There was recently a beautiful post in FB (see below) about Mouna Raagam turning 30. This was incidentally from The Hindu, which has been providing good coverage around this anniversary, recently adorned by a beautiful interview with Revathi on their news site.
One would agree these are smart folks, in choosing not just any, but THE right movie to celebrate.

Now a frequent Facebooker, I too shared the post, and yes, the reactions proved the point of celebrating it.

But suddenly the devil in me woke up with a question – “Why all this excitement, and emotion around you about this movie? You didn’t even complete 7 then!”
Scepticism didn’t stop there, and further grew into the next question – “why at all a movie should be celebrated with so much craze?”

A movie is, not by its first definition, an art form, a cultural expression or all that crap – we lifeless creatures need colour in life, and a movie is expected to bring that.
It’s like our Dhoni telling sometime back that they are paid so much to “finally” entertain people with their game, keep viewers happy. Raw truth.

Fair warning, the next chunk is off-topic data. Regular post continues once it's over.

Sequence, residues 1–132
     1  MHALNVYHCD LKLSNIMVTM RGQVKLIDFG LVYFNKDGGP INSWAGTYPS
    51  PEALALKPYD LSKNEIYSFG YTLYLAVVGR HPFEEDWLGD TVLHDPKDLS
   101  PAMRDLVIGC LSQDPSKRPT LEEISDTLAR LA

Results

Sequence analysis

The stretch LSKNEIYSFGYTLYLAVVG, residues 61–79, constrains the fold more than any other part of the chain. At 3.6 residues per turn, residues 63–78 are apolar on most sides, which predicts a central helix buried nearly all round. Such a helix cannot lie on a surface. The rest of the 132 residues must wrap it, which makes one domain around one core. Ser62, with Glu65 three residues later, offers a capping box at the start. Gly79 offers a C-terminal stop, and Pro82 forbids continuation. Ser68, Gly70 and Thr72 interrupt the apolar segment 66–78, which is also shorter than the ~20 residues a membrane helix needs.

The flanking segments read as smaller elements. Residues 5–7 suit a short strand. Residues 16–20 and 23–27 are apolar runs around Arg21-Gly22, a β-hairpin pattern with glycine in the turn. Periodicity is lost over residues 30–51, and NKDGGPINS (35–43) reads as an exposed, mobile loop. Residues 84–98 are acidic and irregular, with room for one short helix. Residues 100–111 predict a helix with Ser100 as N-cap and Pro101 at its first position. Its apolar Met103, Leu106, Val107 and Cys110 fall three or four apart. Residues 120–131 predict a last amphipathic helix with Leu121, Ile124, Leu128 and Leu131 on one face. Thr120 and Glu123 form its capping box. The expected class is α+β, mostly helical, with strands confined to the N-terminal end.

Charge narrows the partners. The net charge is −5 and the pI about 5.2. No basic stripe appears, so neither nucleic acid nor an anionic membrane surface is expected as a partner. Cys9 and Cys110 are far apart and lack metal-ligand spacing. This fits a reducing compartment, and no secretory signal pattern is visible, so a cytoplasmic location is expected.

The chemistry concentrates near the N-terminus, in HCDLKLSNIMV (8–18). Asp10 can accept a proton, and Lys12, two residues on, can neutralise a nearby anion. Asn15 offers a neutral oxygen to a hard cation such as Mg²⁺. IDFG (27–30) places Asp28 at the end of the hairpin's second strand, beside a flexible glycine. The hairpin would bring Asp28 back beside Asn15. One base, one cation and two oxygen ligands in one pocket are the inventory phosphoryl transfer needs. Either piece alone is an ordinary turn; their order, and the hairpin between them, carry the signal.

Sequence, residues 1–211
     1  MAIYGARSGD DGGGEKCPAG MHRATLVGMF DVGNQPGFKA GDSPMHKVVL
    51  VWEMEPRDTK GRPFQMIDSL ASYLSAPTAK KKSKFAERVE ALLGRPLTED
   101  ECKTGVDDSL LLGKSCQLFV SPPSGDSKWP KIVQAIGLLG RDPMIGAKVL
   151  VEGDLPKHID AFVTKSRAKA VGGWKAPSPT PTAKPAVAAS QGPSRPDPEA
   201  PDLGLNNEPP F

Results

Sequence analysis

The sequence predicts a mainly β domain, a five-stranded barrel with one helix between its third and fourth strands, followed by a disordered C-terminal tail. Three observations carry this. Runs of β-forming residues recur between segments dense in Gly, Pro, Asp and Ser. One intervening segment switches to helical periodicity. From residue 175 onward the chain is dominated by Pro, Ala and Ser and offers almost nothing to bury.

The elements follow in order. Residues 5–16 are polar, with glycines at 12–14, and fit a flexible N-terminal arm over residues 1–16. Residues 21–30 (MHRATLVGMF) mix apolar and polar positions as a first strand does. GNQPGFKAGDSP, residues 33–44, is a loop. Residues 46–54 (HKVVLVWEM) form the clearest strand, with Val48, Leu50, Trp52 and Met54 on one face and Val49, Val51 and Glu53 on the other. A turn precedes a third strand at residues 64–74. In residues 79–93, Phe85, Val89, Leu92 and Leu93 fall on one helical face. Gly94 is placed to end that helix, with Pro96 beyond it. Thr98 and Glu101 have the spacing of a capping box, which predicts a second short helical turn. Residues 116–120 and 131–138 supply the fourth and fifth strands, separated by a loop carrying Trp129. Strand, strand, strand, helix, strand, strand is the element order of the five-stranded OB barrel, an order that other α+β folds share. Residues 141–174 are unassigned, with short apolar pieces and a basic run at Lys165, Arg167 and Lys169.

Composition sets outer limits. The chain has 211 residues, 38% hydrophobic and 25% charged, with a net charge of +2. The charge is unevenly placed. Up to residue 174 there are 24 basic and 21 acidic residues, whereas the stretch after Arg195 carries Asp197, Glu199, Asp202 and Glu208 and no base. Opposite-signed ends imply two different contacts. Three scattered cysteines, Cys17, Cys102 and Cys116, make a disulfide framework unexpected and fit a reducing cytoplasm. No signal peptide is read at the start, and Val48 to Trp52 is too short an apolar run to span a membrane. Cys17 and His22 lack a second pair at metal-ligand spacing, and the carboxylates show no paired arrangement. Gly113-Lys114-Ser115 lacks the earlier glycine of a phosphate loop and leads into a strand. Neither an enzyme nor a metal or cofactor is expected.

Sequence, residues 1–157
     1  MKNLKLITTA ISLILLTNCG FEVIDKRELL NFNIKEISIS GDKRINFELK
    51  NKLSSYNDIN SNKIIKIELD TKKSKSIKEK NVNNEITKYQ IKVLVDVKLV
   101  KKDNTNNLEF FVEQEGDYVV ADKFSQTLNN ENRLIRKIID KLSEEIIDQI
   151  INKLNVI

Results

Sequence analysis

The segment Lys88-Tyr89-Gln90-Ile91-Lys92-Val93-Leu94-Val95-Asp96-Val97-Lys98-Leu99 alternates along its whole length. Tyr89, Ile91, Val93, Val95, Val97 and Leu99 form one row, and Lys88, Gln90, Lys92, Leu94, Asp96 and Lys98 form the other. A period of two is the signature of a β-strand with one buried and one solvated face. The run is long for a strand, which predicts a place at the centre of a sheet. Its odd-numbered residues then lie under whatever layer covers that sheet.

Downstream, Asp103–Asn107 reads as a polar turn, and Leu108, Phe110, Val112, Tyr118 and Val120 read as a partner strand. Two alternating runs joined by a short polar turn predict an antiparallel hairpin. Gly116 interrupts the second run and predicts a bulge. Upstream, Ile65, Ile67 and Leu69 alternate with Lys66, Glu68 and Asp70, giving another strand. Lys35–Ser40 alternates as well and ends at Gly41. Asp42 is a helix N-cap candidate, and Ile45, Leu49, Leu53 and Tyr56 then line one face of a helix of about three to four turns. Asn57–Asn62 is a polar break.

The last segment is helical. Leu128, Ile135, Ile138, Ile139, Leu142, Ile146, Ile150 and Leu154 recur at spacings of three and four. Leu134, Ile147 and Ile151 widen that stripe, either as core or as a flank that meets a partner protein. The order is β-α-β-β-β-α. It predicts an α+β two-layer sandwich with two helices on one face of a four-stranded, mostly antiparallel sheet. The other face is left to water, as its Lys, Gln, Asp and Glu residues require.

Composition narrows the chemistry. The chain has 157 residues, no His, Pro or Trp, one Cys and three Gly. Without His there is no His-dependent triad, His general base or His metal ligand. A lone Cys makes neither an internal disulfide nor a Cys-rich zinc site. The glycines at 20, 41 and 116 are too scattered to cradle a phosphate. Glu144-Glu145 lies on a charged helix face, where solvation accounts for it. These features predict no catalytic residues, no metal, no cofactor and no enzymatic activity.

A movie, in a lay man’s mind like mine, should make one forget oneself a couple of hours, infuse oxygen into untouched regions within, and at the same time leave one smiling.
To top it, if it technically had all the other niceties like screenplay, music, cinematography, art work, designed to perfection, nothing like that.

Mouna Raagam had all of it.

Since 1986, till the time I had entered my mid-twenties, there was no equivalent love story that created so much impact, and at the same time left me happy.

I have always had high regard for directors who used “simple” premise to tell a great story.
Mani Ratnam just did that in this movie with his amazing story telling, a carved screenplay and Illayaraja’s heart rending music that created snapshots in a viewer’s visual and acoustic memories.

No big names, at the same time, really seasoned actors.

Mohan was groomed in the school of Balu Mahendra.

Karthik had “cultural” initiation from giants like Bharathiraja, Sridhar.

And then there was Revathi with so much energy, and ebullience, with good experience by the time the movie was taken.

I may go a little overboard here, but just like Jonathan Ive, soul-mate of Steve Jobs, here we had P.C.Sreeram with Mani Ratnam.

Well, the Maestro being Divine blessing.

All of them combined in their creative zeniths, in this project.

Forget all this, even today if it is shown on TV, and I come across it randomly, I just pause myself for a few minutes to an hour, probably call my wife almost all the time, a couple of my close friends to share the news – I am sure those reading this do. :)


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